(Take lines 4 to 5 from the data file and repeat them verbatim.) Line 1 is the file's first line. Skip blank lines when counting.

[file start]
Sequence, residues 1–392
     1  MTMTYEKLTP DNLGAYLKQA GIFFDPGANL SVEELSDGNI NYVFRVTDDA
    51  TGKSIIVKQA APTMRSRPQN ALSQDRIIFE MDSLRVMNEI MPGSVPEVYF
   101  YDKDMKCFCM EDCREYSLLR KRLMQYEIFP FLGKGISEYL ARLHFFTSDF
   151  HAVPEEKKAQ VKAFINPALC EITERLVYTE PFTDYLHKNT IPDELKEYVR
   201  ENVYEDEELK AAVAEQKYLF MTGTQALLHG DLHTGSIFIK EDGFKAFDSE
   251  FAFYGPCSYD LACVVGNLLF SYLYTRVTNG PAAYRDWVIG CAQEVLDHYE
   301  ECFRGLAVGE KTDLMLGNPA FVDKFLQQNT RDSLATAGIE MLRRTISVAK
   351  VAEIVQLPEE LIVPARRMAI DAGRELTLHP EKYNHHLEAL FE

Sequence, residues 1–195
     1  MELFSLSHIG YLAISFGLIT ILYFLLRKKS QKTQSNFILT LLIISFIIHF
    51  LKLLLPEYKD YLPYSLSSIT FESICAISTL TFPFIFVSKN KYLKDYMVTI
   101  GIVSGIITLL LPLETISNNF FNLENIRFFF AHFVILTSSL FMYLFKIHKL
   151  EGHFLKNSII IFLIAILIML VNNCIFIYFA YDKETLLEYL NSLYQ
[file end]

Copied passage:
   101  YDKDMKCFCM EDCREYSLLR KRLMQYEIFP FLGKGISEYL ARLHFFTSDF
   151  HAVPEEKKAQ VKAFINPALC EITERLVYTE PFTDYLHKNT IPDELKEYVR